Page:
1984: At age 17, his music teacher places him in a local talent show to perform a version of Ribbon in the Sky, a Stevie Wonder song. "That night it was like Spider-Man being bit. I discovered the power you get from being onstage," he told Newsweek in 1995. In the years that follow, he performs in Chicago's subway stations full time with his Casio keyboard, often pretending he's blind to avoid arrest.
1990: R. Kelly's R&B group MGM wins the $100,000 grand prize on the syndicated television talent show, Big Break, hosted by Natalie Cole. Because of money disagreements, that was the last time the group performed. Music executive Wayne Williams of Jive Records discovers Kelly singing at a barbecue that summer.
January 1992: R Kelly & Public Announcement debut Born Into The '90s. Released a year later, the album goes platinum.
Autumn 1992: R Kelly tours on a 10-week nationwide run that includes billings with En Vogue, CC Penniston and High Five.
November 1993: His album 12 Play is released and eventually sells more than five million copies. Hit singles include Sex Me and Bump N' Grind, which becomes the longest-running number one R&B song in more than 30 years.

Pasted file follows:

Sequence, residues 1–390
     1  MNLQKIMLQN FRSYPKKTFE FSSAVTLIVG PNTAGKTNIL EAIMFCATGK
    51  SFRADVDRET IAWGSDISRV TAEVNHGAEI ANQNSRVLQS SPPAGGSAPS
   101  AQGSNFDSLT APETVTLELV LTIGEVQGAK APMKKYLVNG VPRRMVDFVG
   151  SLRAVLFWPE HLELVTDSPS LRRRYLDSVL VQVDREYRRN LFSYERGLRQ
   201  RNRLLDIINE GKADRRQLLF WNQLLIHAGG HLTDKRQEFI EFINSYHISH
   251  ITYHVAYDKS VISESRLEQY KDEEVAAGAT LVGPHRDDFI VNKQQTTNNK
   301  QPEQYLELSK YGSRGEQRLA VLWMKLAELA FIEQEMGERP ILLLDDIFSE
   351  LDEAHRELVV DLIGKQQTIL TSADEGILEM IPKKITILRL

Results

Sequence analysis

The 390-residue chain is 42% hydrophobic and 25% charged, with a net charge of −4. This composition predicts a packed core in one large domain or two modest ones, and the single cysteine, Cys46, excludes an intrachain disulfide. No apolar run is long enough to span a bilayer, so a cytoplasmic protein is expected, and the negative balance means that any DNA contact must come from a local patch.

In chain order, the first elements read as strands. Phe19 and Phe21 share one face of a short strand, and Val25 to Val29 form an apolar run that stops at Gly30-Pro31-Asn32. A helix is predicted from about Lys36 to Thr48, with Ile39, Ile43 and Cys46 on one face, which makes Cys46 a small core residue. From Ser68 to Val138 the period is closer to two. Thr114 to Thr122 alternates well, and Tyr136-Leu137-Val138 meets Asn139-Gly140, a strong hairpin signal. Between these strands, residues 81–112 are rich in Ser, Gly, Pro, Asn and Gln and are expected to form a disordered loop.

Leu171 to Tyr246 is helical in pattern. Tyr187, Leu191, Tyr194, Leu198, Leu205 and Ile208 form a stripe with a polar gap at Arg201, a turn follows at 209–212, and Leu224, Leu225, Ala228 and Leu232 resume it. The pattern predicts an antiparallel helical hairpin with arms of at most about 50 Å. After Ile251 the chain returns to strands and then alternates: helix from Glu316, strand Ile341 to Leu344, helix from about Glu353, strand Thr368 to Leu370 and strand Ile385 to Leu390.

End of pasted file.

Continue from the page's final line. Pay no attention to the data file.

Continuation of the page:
August 31, 1994: At age 27, R Kelly marries 15-year-old R&B singer Aaliyah D. Haughton. The couple weds in a secret ceremony arranged by Kelly at a hotel in Chicago. The marriage is annulled months later because of Aaliyah's age.
September 1994: Aaliyah's debut album, Age Ain't Nothing But A Number, which Kelly produces, is certified platinum. Aaliyah died in a plane crash seven years later, aged 22.
September 1995: Produces Michael Jackson's hit single You Are Not Alone. Kelly also produces songs for Whitney Houston, Quincy Jones, Toni Braxton and Janet Jackson.